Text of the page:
That is how Lina Laraki turns herself into a plant/film and this PLANT.MOV into an oneiric self-portrait. Long before this film, she played, with the invented word “arabre”, a cross between the French arbre (for tree) and Arabe (for Arabian). This sounds like a magic word in a fairy tale that changes one reality into another. It recalls Slavoj Žižek who at a certain moment (in his In Defense of Lost Causes) describes people as symbolic plants. He refers there to Hegel’s notion of plant roots as entrails, which in contrast to the animal, the plant has externalized, plunging them into the earth to prevent it from cutting itself free from its roots and roaming where it will. Isn’t this what happens with technology, such as artificial intelligence (AI) that binds plants and people in PLANT.MOV? Isn’t AI like our externalized entrails that provide a grip on the world? Isn’t this precisely the challenge of AI to make the transition from plant to animal and to plunge us into the abyss of liberty. Post-human, post-plant, post-nature…
There is another term that fits this eternal return of what resembles: post-memory, or the memory of ancestors that live on through generations after them. And isn’t this the theme that keeps returning in each new Lina Laraki film? The way she searches for herself through her conversation with Abdelaziz in Entretien 0.0, the access that Abdelaziz searches in himself through the world of the other (as man among men, father among children, guardian in the street, or son of a mother). The way in which she appropriates the freedom to speak about herself as distinct from an established Arabic discourse in Atlas of the Elements, through the dream, the incarnate, the gesture. Or the way (in La Palestine comme geste) in which she looks from Amman at Palestine as a metaphor, gesture, method and state (of being, which we carry within us and can always be reactivated), but also the body as a place that not only traverses the country, but is also crossed by the country. Post-memory also, as a rejection of the one-way narrative, as in Si02 her film in reverse that opens with the words of a child: “When I dream, I am planted in my head.” Isn’t this what happens in PLANT.MOV wherein Lina Laraki films herself planted in her head and in her dream? Or the way in which she (re)creates in Karama (Dignity) a people for this earth out of a people who are missing: a question of putting yourself on the map again; always again in the world, rooted wherever you are.
Gilles Deleuze discusses the idea of the missing people (that comes back in Lina Laraki’s notes on Karama) towards the end of Cinema 2: The Time-Image, where he writes about the cinema from the “third world” (Third Cinema: cinema of the in-between, as a mediator, which in a Kafkaesque sense works with the media, the language of another). There, the mass art of cinema becomes political art: in inventing a people who are not yet there, “le peuple à venir,” or a populace of artists, inventors, creators. It will invent its own language by speaking the language of another. So shall the people become themselves: “If the people are missing, if they break up into minorities, then I am the one who in the first place is a nation,” writes Deleuze. It is not the people who become artists, but the artist who takes the place of the people.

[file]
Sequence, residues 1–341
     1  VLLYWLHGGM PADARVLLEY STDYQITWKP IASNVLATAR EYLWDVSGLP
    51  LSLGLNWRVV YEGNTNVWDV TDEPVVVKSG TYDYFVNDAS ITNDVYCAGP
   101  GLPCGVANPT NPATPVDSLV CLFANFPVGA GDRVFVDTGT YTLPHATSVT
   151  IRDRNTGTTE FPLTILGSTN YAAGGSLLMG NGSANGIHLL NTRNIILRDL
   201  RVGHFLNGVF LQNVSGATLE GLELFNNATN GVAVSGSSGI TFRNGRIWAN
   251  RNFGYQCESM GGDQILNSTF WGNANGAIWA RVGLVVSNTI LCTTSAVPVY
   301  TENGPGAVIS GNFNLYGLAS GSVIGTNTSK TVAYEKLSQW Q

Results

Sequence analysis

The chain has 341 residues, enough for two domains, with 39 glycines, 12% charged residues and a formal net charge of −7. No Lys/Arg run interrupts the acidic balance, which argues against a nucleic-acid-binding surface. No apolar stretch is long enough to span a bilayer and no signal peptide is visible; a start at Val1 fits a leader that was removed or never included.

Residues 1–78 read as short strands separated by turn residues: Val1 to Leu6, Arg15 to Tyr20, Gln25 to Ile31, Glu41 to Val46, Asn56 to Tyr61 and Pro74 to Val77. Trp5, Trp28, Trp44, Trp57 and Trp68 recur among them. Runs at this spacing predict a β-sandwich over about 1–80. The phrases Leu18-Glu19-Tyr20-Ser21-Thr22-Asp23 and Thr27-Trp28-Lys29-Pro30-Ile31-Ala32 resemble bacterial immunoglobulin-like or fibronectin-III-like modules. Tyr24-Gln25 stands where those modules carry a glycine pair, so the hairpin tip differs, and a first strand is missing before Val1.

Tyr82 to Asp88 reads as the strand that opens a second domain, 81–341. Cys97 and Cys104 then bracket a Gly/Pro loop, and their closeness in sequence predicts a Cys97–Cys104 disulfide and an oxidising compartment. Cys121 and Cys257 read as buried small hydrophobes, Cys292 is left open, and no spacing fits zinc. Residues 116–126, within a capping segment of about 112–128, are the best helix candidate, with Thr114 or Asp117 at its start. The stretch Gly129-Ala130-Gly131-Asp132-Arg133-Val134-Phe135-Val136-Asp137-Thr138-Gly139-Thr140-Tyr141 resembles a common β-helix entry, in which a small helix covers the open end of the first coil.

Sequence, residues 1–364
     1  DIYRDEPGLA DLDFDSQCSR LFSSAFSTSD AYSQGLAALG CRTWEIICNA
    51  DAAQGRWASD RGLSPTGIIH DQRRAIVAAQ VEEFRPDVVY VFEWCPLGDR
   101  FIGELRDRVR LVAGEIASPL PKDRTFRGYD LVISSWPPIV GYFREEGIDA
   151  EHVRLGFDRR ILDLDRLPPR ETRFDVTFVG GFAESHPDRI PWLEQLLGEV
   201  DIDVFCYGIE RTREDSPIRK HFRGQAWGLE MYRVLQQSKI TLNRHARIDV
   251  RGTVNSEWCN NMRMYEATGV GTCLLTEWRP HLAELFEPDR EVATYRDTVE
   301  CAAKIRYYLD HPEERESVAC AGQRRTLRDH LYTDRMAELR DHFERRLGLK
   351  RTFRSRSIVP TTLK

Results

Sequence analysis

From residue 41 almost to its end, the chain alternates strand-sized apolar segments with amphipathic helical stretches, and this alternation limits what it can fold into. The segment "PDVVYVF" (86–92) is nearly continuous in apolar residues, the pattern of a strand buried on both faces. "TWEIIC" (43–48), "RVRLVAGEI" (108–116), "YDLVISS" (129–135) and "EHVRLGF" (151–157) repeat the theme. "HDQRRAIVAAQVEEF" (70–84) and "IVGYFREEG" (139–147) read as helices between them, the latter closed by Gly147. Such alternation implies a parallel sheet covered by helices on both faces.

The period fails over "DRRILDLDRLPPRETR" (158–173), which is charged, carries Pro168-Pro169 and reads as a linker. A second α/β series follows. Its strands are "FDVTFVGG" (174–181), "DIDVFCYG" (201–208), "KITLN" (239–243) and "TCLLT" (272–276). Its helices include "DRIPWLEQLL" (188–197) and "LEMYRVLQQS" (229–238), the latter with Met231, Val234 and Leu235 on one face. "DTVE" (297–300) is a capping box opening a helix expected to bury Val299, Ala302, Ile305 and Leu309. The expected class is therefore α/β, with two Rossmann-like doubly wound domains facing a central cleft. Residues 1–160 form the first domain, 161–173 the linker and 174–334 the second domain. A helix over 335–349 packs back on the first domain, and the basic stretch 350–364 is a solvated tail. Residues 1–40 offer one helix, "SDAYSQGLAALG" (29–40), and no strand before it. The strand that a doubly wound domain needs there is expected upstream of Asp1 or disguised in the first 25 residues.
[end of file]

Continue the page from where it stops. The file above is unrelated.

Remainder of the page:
That idea of Deleuze leads once more to the idea of rooting in PLANT.MOV, to what is visible and what isn’t, what extends above and lies underground, to the tree and the rhizome. This is of course the starting point of A Thousand Plateaus, Deleuze and Guattari’s philosophy book that for a long time was read as a work of science fiction. This book that served as inspiration for the thinkers of the networked society that came later, the book that writes the future as something that lies behind us. Opposing the hierarchical thinking of trees growing vertically from roots, higher and higher in the air, Deleuze and Guattari set the image of the rhizome, which like the roots of the grass, spreads non-hierarchically and in different directions beneath the ground. That is how ten years before the advent of the Internet and the networked society, Deleuze and Guattari wrote about artificial intelligence that links us as plants with externalized entrails (a picture that comes close to the imaginative body without organs in A Thousand Plateaus) to provide guidance in an ever-moving network. It is this networked society that we paradoxically embrace every day via our smartphones and laptops, but simultaneously reject via our hesitant attitudes towards migrants: a wanted and an unwanted anchoring in the world via technology and nature that increasingly interconnects ideas, people and plants and is only strengthened by the influence of a changing climate in and of the world.
In this and earlier films, Lina Laraki casts herself as the archetype of a networked artist: always on the move, always connected via the rhizome to what is posthuman, post-plant, post-nature, or post-memory. All those things that she keeps carrying along, again in her role as artist-in-residence which brought her to Antwerp: potted, posted, sent. This film is her poste restante to the temporary residence that she left behind. The way she feels at home and not, “potted yet adrift”, in each of those places where she lives and works, between Casablanca and Amman, between London and Antwerp. It is in the recognizable generic images of frames, glass, plants with and without people behind windows, of the film. It is in the choice of those typical images that make a place what it is: the Scheldt, the pedestrian tunnel, the city towers, filmed thousands of times by filmmakers- professionals and amateurs- who proceed her. This makes Lina Laraki a full-blooded post-filmmaker, a filmmaker par excellence of the future that lies behind us.